Wednesday, February 6, 2013
Album Review: Iceage - You're Nothing
Rating: Woof Daddy
New Brigade, the debut album from Danish post-punk band Iceage, was a chilly 24 minute blast of scraping guitars, machine gun drums, sloganeering vocals, and a fully formed aesthetic that was much wiser than the band's young age would have indicated. It was such a perfect encapsulation of their sound it was difficult to imagine what they could possibly do for a follow up, rather than more of the same or completely altering their sound. With the follow up You're Nothing in hand, Iceage have not reinvented the wheel thankfully, and have not given us New Brigade 2, though it is really a more fine-tuned version, with interesting steps in new directions. It is still a concise set of tracks, barely making it over the 25 minute mark, but instead of using the bleak, industrial edged tones of New Brigade, the music tends to fall towards more traditional punk squalls, with more subtle post-punk accents to spice things up.
This go around the songs are tighter and the production is less cavernous, while lyrically the songs keep getting bleaker, the band's views on relationships being almost nihilistic. Kicking off with the feedback heavy fury of "Ecstacy," Iceage ratchet up the energy with singer Elias Bender Rønnenfelt's voice going from a whisper to a scream in no time flat, screaming at the top of his lungs: "Pressure! Pressure! Pressure! Oh god no!"
"Coalition" blazes with an almost out of control fury, comparing a relationship to an alliance of convenience, falling apart under the weight of excess.
But even within the dense rush of guitars and drums, you can sense a restlessness with the band, not wanting to keep doing the same thing. There are subtle melodic touches throughout the record that are barely noticeable at first, and even experimentation with different instruments. "Awake"'s blitzkrieg attack of glass shard guitars is underscored by a almost imperceptible early R.E.M./Husker Du melodic core that pushes the song to new heights.
"Morals" is perhaps the most shocking track on You're Nothing, starting off like a boozy, piano ballad from Nick Cave, Rønnenfelt's voice surprisingly open and emotional but gathering strength as the guitars and drums take over. It is such a huge departure from their usual approach to songs that initially it sticks out like a sore thumb, but eventually becomes the heart and soul of the record.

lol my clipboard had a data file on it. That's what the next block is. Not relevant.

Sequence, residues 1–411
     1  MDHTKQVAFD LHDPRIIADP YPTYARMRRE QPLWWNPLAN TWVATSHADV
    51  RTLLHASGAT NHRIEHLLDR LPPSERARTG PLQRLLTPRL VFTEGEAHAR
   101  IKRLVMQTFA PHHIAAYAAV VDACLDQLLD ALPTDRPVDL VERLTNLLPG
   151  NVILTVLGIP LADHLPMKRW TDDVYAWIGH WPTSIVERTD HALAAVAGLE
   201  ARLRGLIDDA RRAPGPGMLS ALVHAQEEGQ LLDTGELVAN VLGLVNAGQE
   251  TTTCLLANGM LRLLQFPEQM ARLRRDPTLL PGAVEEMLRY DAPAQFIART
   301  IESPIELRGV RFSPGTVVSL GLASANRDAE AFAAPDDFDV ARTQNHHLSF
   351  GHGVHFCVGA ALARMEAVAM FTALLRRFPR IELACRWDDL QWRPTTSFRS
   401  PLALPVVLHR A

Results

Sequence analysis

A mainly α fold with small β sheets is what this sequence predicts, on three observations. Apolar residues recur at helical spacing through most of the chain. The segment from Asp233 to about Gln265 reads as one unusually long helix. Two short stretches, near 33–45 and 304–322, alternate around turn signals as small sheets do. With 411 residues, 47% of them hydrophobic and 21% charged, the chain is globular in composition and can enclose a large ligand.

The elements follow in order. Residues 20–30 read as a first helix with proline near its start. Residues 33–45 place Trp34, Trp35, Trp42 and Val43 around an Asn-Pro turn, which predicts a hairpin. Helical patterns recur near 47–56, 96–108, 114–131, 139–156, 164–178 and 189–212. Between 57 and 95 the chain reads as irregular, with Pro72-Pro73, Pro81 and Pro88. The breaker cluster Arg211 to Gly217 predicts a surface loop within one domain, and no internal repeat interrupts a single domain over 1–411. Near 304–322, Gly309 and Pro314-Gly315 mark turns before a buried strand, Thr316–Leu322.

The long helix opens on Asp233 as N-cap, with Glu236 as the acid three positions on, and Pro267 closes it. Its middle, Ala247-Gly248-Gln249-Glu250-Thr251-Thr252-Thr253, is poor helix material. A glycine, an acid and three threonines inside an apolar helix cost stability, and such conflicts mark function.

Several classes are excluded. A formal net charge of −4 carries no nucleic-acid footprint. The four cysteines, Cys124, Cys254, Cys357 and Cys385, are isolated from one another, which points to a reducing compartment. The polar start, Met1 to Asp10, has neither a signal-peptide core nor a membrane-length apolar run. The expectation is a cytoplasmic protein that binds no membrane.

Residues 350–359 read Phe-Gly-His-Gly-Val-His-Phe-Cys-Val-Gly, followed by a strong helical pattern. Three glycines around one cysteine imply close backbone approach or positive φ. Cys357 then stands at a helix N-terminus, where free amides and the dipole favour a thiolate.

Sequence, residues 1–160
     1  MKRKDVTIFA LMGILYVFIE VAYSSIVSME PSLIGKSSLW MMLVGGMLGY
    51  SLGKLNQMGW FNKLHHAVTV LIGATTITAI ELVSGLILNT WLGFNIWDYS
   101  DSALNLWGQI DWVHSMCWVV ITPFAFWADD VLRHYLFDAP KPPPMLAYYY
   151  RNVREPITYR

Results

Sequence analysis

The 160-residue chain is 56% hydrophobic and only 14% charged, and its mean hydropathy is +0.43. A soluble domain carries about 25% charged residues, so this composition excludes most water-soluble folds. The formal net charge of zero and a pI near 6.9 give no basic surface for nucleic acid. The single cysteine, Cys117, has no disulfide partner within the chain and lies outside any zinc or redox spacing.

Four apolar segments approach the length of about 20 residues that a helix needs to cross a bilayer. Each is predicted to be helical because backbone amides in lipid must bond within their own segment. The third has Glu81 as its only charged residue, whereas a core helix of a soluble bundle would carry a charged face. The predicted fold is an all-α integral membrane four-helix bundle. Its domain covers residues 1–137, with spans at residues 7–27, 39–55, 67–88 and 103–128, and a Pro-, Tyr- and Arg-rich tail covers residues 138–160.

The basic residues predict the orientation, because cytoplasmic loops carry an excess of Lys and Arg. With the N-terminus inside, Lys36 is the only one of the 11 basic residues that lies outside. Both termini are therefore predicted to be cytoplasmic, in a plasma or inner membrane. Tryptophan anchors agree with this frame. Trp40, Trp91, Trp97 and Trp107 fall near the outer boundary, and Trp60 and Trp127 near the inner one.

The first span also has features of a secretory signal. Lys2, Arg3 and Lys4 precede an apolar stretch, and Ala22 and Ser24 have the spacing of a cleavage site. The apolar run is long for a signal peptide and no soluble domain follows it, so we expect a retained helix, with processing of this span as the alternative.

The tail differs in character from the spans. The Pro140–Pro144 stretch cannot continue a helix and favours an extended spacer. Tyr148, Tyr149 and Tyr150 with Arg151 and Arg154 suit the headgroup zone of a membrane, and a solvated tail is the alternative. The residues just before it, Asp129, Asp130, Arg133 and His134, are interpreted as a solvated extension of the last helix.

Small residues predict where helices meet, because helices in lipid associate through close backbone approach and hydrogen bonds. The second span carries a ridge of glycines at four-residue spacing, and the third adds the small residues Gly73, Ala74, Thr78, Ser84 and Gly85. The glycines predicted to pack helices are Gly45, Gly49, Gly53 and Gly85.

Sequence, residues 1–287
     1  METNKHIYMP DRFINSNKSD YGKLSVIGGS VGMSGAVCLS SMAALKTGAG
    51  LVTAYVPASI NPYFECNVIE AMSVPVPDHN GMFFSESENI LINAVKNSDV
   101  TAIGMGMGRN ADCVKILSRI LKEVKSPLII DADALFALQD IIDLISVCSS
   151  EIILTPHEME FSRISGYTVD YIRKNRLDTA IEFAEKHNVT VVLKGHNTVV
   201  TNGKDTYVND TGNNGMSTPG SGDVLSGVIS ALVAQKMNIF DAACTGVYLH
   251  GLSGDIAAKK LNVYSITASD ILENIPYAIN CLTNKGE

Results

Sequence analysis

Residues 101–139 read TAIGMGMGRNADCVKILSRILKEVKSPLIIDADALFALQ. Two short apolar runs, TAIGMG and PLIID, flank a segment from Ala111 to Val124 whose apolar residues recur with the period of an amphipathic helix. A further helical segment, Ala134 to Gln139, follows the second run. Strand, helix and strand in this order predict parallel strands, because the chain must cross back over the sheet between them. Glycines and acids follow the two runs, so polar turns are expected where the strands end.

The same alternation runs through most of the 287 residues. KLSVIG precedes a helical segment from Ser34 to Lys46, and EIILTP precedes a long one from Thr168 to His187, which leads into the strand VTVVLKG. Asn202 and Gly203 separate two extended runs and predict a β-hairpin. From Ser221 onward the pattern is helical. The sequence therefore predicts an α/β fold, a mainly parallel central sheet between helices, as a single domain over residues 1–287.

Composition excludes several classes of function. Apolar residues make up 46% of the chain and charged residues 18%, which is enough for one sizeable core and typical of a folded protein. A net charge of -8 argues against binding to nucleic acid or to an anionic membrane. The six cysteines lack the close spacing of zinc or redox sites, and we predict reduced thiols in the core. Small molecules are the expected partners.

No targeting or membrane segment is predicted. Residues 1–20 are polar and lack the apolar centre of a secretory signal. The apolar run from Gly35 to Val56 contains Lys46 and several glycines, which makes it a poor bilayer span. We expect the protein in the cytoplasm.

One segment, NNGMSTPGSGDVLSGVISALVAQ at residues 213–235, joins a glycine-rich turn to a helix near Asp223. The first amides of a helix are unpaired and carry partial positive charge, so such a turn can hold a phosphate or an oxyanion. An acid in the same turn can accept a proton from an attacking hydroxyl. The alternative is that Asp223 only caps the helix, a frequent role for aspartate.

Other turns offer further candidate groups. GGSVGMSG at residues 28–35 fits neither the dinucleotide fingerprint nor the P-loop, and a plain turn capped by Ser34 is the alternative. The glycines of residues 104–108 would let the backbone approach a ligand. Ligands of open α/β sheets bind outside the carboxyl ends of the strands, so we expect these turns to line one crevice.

Of course, Iceage are not stupid, they know their signature sound and provide more blistering proof that they are at the top of their game. From the dark and brooding "Burning Hand," brutal guitar assault of "In Haze," or the low end rumble of "Wounded Hearts," these tight, concise tracks never waste a moment getting their point across and exit perfectly. That is one complaint with the record is that is it so perfectly rendered it disappears all too quickly, but that just means you get to go back to the beginning and it hear it all over again.
New Brigade was such a bright spot in a pretty lackluster musical year that I feared in hindsight its reputation with me would be tarnished, but listening to it against You're Nothing pretty much erases any doubt I had. You're Nothing definitely raises the stakes for the band, as it shows them honing their sound but also taking it to new places I didn't think they would ever go. I can't believe it is only the beginning of February in 2013 but we already have the best sophomore release of the year as well as the best punk/post-punk album of the year. And inconceivably, we might have the best album of the year.
Chilfos: masterpiece; coolest thing I've heard in ages.
Woof Daddy: excellent; just a hair away from being a masterpiece.
Grrrr: very good; will definitely be considered for my top releases of the year.
Yeah Daddy Make Me Want It: good; definitely invites further listens and piques one's interest for more material.
Meh: not horrible, but certainly not great; could have either been polished, trimmed, or re-thought.
Jeez Lady: what the hell happened? Just plain bad. They should hang their heads in shame and be forced to listen to Lady Gaga ad nauseam as penance.
Tragicistani: so bad, armed villagers with pitchforks and torches should run the artist out of the country for inflicting this abomination on the human race.